I do project work and consulting, and my office is one of the largest rooms in my home. Like a lot of home office workers (I prefer “home office professional”), I always have multiple projects at once. So working all the time is just part of the deal. If I’m not working on a client’s project, I’m working on one of my own. This is not a complaint – far from it.
Blast from the Past: Rule of Work #1: If it’s worth doing, it’s worth doing as work. It’s a good life. A life of constant meaning.
That said, it can be hard to convey the particular circumstances of it to people looking in from the outside. It might be explaining to someone why you aren’t treating e-mail like chat and responding instantly, or why you’re selective about volunteer work and need to get paid for your core competencies (you know that auto mechanic who is always getting hit up to help with friend’s cars?), or just that yes, as a home worker, you are entitled to sleep, go to the gym, and spend time with your family – you’re not giving that up and sitting there waiting patiently for any word to drop from your various contacts, clients, and colleagues. My wife and I recently had to establish for her business that yes, it’s OK, and absolutely necessary for a hairdresser to take a couple of days off per week and get enough rest and down time. But aside from the basics – what your work is (avoiding mission creep), and when you do it (avoiding the “on call” nightmare), the simplest way to define your work environment and work process is to outline your approach to the atmosphere of constant communication. So here, in brief, is how one office works. These are the terms of my self-employment:
Hours Flexible: I might be working at 3am or in bed by 9pm. I might sleep until 4pm, which might be sleeping 5 hours or 15. I work off of appointments. I make them, keep them, and then the rest is up to me. Of course there are deadlines, but they’re flexible. We’ve all heard “under promise and over deliver”. That’s deadlines, too. If I say something usually takes two weeks, it’s because it usually does. But if a blizzard wipes out the internet or power, then it is what it is – we don’t swear by deadlines, and we don’t miss them. Also, with any kind of project work, your own deadlines have to account for client deliverables. If clients hear “usually two weeks, assuming all your deliverables in place to start” and they send their pieces 13 days in, you tell them “about two weeks from now”. If you get it earlier, well and good, but fixed deadlines are a source of ruin – our deadlines are like our work hours – they’re movable feasts. Hours flexible and by appointment means too that I avoid phone tag. I set phone appointments and I don’t miss them (I’ve missed only one in the history of my business, it was with a friend, and I’m still embarrassed by it). There’s nothing worse than burning time for everyone by getting together with clients “whenever”.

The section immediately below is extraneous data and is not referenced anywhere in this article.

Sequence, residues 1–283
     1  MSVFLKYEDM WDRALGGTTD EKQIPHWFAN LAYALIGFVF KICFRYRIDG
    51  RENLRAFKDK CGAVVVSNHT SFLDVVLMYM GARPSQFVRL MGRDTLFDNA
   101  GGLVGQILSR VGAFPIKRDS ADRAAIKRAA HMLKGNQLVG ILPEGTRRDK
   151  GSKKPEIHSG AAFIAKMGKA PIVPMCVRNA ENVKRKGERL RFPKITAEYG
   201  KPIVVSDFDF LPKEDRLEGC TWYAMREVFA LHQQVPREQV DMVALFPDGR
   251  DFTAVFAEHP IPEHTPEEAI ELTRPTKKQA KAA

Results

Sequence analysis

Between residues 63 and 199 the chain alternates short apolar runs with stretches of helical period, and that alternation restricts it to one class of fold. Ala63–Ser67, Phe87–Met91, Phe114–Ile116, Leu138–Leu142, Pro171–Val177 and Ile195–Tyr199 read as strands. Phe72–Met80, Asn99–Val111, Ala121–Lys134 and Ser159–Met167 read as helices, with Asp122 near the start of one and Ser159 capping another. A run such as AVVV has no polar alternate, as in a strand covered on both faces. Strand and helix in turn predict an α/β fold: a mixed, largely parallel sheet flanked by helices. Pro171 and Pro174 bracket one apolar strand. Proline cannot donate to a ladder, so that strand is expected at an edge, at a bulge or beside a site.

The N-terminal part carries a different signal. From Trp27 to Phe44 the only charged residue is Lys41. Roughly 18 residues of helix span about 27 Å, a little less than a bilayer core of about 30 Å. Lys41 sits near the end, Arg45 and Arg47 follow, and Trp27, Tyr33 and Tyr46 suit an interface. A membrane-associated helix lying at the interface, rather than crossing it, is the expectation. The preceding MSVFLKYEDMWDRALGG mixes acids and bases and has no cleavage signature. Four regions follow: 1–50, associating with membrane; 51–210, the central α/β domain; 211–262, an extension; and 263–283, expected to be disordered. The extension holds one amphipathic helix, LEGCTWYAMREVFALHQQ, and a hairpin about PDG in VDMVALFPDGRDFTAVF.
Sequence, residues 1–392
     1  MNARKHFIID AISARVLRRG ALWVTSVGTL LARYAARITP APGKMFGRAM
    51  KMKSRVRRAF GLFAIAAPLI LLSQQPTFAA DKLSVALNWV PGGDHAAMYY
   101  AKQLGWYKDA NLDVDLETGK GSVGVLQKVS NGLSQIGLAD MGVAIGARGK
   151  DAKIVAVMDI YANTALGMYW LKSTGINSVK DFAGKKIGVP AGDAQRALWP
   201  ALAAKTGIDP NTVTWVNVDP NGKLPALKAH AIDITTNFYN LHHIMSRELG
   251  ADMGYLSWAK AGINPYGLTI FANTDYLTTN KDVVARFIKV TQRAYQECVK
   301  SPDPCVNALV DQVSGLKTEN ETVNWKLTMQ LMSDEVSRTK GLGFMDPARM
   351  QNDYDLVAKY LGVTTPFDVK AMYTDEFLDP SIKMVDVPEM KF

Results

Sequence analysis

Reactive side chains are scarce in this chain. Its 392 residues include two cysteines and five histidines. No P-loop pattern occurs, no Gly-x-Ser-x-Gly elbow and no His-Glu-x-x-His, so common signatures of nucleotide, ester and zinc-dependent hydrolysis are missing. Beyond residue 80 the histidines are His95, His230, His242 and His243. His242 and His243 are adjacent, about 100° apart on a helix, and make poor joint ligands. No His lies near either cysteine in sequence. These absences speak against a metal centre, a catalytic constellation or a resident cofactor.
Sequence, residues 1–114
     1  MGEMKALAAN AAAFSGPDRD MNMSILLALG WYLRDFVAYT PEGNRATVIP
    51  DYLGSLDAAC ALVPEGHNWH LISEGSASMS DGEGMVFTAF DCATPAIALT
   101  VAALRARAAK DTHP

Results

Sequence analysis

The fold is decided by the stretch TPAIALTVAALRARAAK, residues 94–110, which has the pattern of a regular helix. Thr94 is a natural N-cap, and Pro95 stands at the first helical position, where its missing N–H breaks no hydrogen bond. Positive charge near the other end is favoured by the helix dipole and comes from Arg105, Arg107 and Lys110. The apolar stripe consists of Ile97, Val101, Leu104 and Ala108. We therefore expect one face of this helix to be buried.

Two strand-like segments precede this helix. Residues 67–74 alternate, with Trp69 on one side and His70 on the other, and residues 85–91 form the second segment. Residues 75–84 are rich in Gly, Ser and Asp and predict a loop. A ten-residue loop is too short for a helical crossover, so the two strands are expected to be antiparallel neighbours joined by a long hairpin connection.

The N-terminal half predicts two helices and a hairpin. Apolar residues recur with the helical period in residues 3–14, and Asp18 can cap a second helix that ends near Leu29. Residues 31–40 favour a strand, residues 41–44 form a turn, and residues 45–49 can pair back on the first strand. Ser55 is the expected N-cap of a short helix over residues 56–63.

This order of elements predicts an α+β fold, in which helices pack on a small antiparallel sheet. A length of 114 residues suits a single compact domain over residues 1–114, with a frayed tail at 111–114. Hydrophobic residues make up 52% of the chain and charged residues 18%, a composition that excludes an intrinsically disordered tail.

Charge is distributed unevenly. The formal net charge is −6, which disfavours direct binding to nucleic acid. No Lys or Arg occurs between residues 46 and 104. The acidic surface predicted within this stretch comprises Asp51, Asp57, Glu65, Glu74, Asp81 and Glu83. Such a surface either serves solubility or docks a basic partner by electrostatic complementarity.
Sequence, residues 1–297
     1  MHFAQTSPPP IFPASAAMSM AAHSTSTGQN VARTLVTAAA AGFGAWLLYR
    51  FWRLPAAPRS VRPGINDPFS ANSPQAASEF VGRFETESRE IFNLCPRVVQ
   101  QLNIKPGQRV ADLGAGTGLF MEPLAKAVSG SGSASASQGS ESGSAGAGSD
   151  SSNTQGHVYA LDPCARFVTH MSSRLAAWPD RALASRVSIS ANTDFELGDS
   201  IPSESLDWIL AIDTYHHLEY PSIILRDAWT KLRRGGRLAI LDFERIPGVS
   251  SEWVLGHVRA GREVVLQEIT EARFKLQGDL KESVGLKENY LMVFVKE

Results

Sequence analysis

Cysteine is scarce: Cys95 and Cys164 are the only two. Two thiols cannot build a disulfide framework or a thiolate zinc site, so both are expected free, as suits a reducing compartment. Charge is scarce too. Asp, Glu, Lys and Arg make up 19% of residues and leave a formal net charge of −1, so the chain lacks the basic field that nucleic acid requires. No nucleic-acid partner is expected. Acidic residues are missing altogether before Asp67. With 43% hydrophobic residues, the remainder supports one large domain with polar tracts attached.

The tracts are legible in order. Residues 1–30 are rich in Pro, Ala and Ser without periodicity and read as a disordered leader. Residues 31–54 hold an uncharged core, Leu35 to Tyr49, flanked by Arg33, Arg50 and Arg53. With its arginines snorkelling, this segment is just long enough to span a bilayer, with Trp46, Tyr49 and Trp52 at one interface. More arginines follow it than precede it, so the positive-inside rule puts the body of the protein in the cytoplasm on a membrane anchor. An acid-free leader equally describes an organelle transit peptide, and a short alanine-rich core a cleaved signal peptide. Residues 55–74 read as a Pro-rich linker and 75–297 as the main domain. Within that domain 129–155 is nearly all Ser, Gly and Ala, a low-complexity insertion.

Not On-Call: Personally, I never answer the phone, unless it’s my wife. I know that’s radical, but it works in my line of work. For one thing, I’d never get anything done – I’m actually working on clients’ projects, after all. For another, I’m a consultant, so I charge for phone time, and so I call outbound only, by appointment. Other than that, voicemail messages are transcribed instantly and sent to e-mail, where I respond to them while multi-tasking, without interrupting scheduled projects. I set appointments by e-mail, so everything goes smoothly. When I picked up the phone and answered all my inbound calls, I got unplanned (so un-billed) calls 24/7 – picking my brain, asking for advice, seeking a “how to” that “shouldn’t take long” (“you’re a mechanic, can you just listen to my engine for a sec – I know it’s a weekend…”), and I lost tons of hours I’ll never get back to “I just prefer to work exclusively by phone” – even for the most trivial matters. So I stopped. I’m not a call center. I can always hire one, but then the price has got to see a 400% increase. Seriously – I save bookoo buck for my clients by NOT putting Suzie or Jim or Karesh on that phone 24/7. So now when someone calls my business line, I get it as e-mail, and that also weeds out the spam calls, which is a nice bonus. And it converts a synchronous medium (“I want you *right now*!”) into an asynchronous one (email response: “I got your msg. The answer is yes.” or “Thursday works better for me – how about 2pm or 4pm your time?”). Besides, frequently I can actually respond faster – instead of wasting everyone’s time playing phone tag, I often get an e-mail response out without missing a beat (but again, I don’t promise it).